Every year, students and professors at University at Buffalo make significant advancements concerning myriad fields. Many of these ingenious endeavors made so much headway that they managed to catch the attention of national media and thus the world psyche. While Buffalonians might not be familiar with the technological breakthroughs and groundbreaking advancements, the world tuned into international news outlets that broadcasted the following achievements made in Buffalo:
A glowing dye for batteries (lead image)
Could a glow-in-the-dark dye be the next advance in energy storage technology? Yes! That’s according to UB chemist Timothy Cook. In tests, his team found that a glowing dye called BODIPY performed well as the main ingredient of a rechargeable battery that was drained and reenergized 100 times. Such fluid-filled batteries could store wind energy for future use or power solar houses at night.
Faulty courtroom evidence, exposed
Bite-mark analysis, which matches crime suspects’ teeth to bite marks on victims, has historically been used as evidence in court. But studies by UB dental researchers Mary and Peter Bush show this methodology is flawed: Bite marks from different people can be indistinguishable, and a single set of teeth can leave varied impressions. The work helped lay the foundation for a landmark 2016 recommendation to ban such evidence from Texas courts.
Exercise and the brain
When athletes get concussions, doctors often prescribe a prolonged period of rest. But UB medical researchers John Leddy and Barry Willer have shown that low-level exercise can actually be beneficial to recovery. To understand why this might be, the two have launched a new study to investigate how the brain changes after a concussion, and how the organ returns to normal.
Ferocious beasts called beardogs — neither bears nor dogs — roamed the Northern Hemisphere millions of years ago. But where did they originate? A study co-authored by UB paleontologist Jack Tseng points to the southwestern U.S. as an early home for this lineage of prehistoric mammals. The research helps to clarify the evolutionary history of this now extinct, once-successful group of predators.
At the end of a grueling election season, many people wondered: How did the country become so divided? UB political scientist James Campbell offered insights in a 2016 book, “Polarized: Making Sense of a Divided America.” He says that while it’s tempting to see polarization as a top-down process spurred by the media and politicians, it’s the changing views of ordinary Americans that have driven growing segmentation.
Architecture’s missing women
Architecture has an attrition problem: Women represent almost half of all students in the field, but less than 20 percent of licensed practitioners. UB architectural historian Despina Stratigakos explored the roots of this disparity in her 2016 book, “Where Are the Woman Architects?” Her analysis took on new urgency this spring with the death of Zaha Hadid, widely regarded as the world’s most prominent woman architect.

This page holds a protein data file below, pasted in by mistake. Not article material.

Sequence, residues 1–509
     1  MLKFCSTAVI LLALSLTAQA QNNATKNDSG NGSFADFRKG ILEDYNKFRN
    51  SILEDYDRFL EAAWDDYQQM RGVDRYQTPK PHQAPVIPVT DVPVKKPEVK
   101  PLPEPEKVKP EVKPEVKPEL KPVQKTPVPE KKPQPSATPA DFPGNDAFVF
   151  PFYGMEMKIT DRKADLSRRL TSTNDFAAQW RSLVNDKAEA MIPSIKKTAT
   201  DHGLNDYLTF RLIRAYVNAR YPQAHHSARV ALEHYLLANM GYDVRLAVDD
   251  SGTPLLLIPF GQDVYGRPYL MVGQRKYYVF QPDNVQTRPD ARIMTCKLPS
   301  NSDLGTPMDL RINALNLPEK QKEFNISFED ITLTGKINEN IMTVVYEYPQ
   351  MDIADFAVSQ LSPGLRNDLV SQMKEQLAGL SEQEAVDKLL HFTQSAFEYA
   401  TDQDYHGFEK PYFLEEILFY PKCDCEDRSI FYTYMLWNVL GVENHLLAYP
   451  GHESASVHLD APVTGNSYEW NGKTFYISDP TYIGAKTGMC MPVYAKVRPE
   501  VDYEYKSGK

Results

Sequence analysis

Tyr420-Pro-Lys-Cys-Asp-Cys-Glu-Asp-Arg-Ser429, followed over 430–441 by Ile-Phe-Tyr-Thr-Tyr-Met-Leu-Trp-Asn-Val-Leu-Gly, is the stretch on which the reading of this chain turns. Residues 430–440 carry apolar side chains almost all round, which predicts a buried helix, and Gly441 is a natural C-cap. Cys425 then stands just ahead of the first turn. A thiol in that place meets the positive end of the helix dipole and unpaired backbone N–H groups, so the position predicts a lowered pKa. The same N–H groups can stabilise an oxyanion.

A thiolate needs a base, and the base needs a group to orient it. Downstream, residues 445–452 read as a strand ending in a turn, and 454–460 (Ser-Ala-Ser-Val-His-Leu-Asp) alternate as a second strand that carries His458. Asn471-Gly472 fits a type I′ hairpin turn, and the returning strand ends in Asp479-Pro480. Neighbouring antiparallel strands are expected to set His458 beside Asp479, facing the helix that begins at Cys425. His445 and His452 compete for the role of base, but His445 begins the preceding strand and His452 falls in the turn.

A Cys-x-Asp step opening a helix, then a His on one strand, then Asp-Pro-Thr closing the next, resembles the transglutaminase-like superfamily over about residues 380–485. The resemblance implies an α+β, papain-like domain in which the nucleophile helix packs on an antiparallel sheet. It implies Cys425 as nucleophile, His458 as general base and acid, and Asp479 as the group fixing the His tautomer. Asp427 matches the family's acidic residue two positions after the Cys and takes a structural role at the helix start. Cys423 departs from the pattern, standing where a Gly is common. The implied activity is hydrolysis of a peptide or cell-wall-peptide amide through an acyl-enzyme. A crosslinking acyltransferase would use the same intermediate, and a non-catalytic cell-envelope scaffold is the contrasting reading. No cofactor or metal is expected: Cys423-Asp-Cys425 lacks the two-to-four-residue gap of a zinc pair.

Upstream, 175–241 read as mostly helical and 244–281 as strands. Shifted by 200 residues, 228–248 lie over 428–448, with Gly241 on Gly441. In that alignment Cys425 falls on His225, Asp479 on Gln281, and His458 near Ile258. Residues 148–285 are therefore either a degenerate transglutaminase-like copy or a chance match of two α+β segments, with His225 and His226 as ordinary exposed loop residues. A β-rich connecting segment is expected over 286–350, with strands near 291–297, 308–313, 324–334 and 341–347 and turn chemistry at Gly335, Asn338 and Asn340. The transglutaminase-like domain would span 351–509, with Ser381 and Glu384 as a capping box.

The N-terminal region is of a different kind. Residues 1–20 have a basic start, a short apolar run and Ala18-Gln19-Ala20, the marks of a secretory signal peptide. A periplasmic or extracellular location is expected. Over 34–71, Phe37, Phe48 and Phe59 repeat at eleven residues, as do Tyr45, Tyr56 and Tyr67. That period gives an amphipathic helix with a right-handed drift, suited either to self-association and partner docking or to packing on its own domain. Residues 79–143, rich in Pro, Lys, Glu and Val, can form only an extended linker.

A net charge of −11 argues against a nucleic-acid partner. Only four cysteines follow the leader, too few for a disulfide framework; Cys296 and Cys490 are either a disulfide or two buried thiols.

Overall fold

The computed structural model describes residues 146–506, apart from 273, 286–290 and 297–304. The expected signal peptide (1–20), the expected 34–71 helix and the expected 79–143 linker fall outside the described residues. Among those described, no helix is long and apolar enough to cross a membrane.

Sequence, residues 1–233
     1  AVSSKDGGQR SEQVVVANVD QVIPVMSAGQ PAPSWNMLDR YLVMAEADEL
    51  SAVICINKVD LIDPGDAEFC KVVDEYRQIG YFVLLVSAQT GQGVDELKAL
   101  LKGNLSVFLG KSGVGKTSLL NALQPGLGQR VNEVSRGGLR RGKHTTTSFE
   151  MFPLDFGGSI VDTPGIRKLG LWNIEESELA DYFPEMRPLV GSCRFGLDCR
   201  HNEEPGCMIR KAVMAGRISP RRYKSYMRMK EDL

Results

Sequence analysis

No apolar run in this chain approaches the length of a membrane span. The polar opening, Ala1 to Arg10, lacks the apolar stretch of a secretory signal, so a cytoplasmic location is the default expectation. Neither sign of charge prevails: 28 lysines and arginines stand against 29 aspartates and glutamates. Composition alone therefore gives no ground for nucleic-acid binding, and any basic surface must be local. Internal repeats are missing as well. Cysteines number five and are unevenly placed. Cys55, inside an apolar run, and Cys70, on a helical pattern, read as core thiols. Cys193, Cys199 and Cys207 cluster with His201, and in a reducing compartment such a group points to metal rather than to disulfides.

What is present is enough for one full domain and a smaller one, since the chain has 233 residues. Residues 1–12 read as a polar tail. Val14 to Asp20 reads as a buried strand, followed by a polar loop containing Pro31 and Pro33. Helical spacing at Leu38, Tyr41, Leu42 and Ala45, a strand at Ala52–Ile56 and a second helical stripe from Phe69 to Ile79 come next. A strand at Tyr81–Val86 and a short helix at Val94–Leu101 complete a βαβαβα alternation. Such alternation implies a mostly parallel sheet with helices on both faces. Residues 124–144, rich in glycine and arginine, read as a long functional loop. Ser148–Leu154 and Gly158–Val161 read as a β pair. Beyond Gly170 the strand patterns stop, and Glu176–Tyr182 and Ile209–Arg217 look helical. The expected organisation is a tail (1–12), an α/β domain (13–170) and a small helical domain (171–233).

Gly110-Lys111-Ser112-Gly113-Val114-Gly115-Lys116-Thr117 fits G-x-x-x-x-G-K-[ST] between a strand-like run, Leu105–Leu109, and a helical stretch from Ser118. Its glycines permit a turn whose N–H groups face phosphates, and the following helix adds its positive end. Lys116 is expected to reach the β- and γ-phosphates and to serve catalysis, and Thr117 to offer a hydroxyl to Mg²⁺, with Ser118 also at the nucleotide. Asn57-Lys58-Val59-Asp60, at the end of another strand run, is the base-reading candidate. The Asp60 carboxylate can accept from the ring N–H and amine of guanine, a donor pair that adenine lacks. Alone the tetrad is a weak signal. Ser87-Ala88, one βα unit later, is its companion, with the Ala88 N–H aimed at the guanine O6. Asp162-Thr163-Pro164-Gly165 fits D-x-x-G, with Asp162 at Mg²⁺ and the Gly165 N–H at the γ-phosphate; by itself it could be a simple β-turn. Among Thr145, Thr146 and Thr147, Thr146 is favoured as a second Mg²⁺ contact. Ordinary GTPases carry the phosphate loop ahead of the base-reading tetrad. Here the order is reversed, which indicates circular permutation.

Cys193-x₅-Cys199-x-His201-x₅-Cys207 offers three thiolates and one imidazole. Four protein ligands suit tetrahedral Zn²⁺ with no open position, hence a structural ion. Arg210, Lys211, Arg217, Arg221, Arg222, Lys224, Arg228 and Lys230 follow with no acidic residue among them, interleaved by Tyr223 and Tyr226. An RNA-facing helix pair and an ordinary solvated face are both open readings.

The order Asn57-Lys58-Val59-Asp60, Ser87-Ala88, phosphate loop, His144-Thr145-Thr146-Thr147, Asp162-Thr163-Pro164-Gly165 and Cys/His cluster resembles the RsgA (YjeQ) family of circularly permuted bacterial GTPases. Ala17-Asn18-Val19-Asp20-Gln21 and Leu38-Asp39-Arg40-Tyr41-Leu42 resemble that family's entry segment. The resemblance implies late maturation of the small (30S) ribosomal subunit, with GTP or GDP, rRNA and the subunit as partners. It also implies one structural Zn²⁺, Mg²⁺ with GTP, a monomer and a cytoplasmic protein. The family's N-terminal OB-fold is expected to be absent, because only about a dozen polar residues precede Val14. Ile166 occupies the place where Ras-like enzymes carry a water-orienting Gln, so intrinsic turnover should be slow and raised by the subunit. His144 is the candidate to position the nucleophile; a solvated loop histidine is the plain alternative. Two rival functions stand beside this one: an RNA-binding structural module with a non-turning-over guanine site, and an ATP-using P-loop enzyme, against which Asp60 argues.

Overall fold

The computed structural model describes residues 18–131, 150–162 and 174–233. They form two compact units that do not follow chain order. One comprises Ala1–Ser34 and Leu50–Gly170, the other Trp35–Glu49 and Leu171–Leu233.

UB geologists are brewing their own lava. The process takes about four hours, with a high-powered furnace heating batches of basaltic rock to 2,500 degrees Fahrenheit. The research, funded by the National Science Foundation, aims to record what happens when molten rock meets water. The study could elucidate the danger that volcanoes near ice, lakes and other water sources pose to surrounding communities.
The sounds of our chewing may not be charming, but they may prove a useful tool for researchers designing gadgets to help us watch what we eat. UB computer scientist Wenyao Xu is cataloguing the unique sounds that foods make as we bite, grind and swallow. The data will be integrated into a high-tech necklace that tracks the wearer’s diet and calorie intake.
Love and storytelling
A good story can fuel romance. That’s the conclusion of a series of studies by UB communication expert Melanie Green and her colleague John Donahue at Columbus College of Art and Design. The research found that when it comes to prospects for long-term relationships, women prefer men who are good storytellers to those who can’t spin a tale.
Undermined — and undermining
Selfish acts can cause a workplace to become toxic. A study led by UB School of Management researcher KiYoung Lee shows that when employees are undermined at work, they feel entitled to undermine colleagues — sparking a vicious cycle. The researchers advise organizations to develop ethics training programs, hire employees who value morality, and encourage managers to emphasize moral values at work.
As society’s demand for information-sharing grows, UB engineers Natalia Litchinitser and Liang Feng have devised a new tool for accelerating light-based communication. Their team created a mini vortex laser. The technology distributes light in a corkscrew pattern, enabling the transfer of 10 times more data than conventional, linear lasers.
A cloud cover atlas
An important part of understanding where endangered plants and animals live may be hidden in the sky. Using satellite images, UB geographer Adam Wilson and Yale researcher Walter Jetz built a database containing images of cloud cover for nearly every square kilometer of Earth for every day over the past 15 years. This catalogue revealed that cloud patterns can be used to pinpoint the borders of ecological biomes and the habitats of individual species.